Introduction: Optimal patient positioning during intubation improves laryngeal view and first pass success, as well as reducing incidence of hypoxia. In certain pre-hospital situations, it may be impractical or impossible for the operator to stand behind the patient.
Objective: We compared intubation in the supine and upright face-to-face positions, with regards to time to intubate and the view of the vocal cords obtained.
Methods: This was a pilot comparison study. One investigator intubated 25 cadavers with the use of a bougie in the supine and upright face-to-face positions. Each attempt was recorded on a video laryngoscope. Recordings of each attempt were reviewed by five blinded emergency physicians, who allocated both a percentage of glottic opening (POGO) score and Cormack-Lehane (CL) grade. Time to insertion of the endotracheal tube (ETT) through the vocal cords was measured from the video.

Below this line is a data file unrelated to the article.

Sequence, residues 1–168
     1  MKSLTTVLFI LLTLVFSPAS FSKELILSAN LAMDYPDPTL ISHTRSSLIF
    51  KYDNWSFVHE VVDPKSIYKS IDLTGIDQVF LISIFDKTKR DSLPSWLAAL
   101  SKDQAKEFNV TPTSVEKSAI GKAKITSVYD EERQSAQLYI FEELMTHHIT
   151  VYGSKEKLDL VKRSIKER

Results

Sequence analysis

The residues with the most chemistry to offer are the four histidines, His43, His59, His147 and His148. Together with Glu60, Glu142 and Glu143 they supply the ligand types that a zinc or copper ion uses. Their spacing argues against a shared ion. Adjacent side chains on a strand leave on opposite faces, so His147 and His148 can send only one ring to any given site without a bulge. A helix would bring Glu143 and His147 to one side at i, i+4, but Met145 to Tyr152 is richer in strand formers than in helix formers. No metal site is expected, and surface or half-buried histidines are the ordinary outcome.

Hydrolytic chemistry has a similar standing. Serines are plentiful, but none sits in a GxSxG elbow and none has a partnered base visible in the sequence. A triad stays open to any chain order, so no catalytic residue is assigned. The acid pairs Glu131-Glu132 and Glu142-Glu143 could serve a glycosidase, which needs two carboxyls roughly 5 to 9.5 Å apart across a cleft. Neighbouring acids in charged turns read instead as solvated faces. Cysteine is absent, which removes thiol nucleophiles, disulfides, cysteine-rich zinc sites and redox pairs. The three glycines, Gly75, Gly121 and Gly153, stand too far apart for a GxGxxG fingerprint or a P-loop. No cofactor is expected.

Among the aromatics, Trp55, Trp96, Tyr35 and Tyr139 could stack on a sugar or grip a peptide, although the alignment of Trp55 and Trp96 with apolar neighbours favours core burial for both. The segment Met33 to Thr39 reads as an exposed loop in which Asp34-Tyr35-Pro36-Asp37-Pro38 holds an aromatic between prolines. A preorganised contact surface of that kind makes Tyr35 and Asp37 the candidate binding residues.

Results: The median intubation time was 1 s longer for upright cadavers than for supine cadavers, with greater variation in intubation times for upright cadavers compared with supine cadavers (IQR 9.0 vs 3.5 excluding the outlier case). The mean POGO score (averaged across raters) was 4.7% lower for upright intubation attempts (excluding the outlier case) with a moderate-to-good degree of inter-rater reliability, however this difference was not statistically significant. The median CL grade (averaged across raters) was 0.2 higher for upright intubation attempts (excluding the outlier case) with a poor-to-moderate degree of inter-rater reliability, and this difference was also not statistically significant.
Conclusions: This pilot study suggests that upright, face-to-face intubation may be clinically similar to supine intubation in terms of time to intubation and difficulty. Further studies utilising a larger number of operators and cadaver types are indicated.
Keywords: Difficult airway; Endotracheal intubation; Sitting position; Supine position; Video laryngoscopy.
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